I’m struggling to find any male artists to put in the upper half of this list (although there’s a couple of great ones coming) – most of the sad songs I really love are sung by women. Marc Almond is an artist who revels in misery – ‘If you’re going to wallow’, read the sleeve notes on one of his albums, ‘wallow deep’. I think he’s at his best and most affecting when he keeps things simple, as he did here on my favourite track from his greatest album, Torment and Toreros. The singer reflects on his lost innocence and rapid descent into depravity – ‘Now I’m so wrecked that my eyes bleed’. It would be self-pitying but for the utter conviction that Almond puts into every note. I was absolutely bloody obsessed by Marc Almond from Soft Cell onwards, and I think everything he did up to and including the Mother Fist album was superb. I saw him perform dozens of times, and he never disappointed. This song takes me back to a very specific time (1983 to 1985) and place (a bedsit in Swiss Cottage) and a couple of very intense and unresolved love affairs that took place there. I rather fancied at the time that I too had lost my innocence and slid into depravity. Little did I know.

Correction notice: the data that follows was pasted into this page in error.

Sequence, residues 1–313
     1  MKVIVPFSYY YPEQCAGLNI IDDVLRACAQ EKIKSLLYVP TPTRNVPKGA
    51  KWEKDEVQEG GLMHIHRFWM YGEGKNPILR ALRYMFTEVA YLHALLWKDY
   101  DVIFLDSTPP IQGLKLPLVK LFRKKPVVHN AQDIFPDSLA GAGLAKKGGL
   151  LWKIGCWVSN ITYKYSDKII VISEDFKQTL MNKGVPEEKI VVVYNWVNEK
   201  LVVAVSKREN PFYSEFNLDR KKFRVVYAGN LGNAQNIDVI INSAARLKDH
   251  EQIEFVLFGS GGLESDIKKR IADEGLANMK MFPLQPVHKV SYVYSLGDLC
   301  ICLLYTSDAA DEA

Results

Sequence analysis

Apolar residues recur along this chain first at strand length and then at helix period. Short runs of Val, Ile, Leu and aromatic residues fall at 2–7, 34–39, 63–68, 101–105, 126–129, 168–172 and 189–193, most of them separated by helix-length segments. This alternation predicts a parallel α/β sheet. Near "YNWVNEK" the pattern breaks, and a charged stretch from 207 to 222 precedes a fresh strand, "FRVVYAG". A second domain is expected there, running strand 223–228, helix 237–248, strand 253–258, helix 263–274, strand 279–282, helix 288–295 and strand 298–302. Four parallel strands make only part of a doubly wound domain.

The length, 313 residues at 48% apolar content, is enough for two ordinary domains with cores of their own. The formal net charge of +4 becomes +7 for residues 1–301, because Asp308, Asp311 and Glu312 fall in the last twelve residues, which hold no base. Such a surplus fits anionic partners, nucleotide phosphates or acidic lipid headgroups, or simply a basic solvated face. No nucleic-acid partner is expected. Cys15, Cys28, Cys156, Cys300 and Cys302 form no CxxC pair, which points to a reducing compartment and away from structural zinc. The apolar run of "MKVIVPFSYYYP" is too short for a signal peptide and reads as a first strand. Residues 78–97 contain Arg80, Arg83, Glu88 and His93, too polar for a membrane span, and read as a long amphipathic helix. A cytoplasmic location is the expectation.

We’re getting into the second half now, so it’s time to unleash Dalida. If you don’t know her, you’re in for a massive treat. Dalida was the biggest singing superstar in France from the 50s until her death in the 80s, embracing cheery pop, ballads, folk songs, disco and loads of really tragic torch songs along the way. I love her every incarnation, she had a fantastic, versatile voice and she could switch performance mode from sexy/fun to stark misery in a toss of her blonde mane. There are so many great sad songs to choose from, but this is the one I keep coming back to. Our heroine lists her symptoms – je ne reve plus, je ne fume plus, je suis sale, je suis laide etc – adding up to the most complete expression of physical, mental and emotional anguish I’ve ever heard. ‘I’m ill’ doesn’t begin to cover it. It soon becomes clear what ails her: love gone wrong. This love is killing me, she sings, and if it goes on I’m going to die alone. Which of course is exactly what happened to poor, suicidal Dalida, making her the stuff of legend.
My husband just reminded me that I have to put this one on the list, because somehow I’d overlooked it. Odyssey are one of my all-time favourite groups. Nowadays they get lumped in with the cheesy disco-nostalgia industry alongside the likes of Boney M, but in their day they made some of the greatest songs of the 70s and 80s. Plenty of dance classics of course, but I really love the sad stuff like Inside Out and, above all, If You’re Lookin’ for a Way Out. Lead singer Lillian Lopez (or ‘Li-Lo’ as I like to call her) delivers the abject lyrics with as much dignity as can be mustered, and if it weren’t for the gorgeous melody and arrangements this would be gruelling stuff. The relationship’s over, the beloved is ready to leave, she’s desperate to hold on to him but she’s got just enough self-respect not to cause a scene. I’d like to say ‘been there, done that’ but I’m much more likely to be throwing myself in front of cars, clinging on to legs, swigging from a bottle of scotch and screaming ‘No! No!’.